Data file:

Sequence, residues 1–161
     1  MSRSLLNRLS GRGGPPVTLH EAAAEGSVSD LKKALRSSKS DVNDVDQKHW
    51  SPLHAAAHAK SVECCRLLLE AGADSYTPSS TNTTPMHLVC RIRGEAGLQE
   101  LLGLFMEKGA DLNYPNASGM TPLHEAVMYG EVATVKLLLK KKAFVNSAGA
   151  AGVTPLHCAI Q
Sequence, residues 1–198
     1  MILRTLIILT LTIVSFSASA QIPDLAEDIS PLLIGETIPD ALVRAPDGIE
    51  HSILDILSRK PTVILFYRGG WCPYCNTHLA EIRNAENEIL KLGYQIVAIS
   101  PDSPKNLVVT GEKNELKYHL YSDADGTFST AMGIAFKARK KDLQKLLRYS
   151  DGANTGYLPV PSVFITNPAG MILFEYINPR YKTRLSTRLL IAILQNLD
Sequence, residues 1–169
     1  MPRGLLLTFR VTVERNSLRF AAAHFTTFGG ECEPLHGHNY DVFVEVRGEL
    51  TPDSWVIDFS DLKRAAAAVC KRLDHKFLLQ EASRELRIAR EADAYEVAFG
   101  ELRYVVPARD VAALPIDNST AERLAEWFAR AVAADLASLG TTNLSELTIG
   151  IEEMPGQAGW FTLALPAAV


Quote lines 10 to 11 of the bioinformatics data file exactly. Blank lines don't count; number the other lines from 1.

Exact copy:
   151  DGANTGYLPV PSVFITNPAG MILFEYINPR YKTRLSTRLL IAILQNLD
Sequence, residues 1–169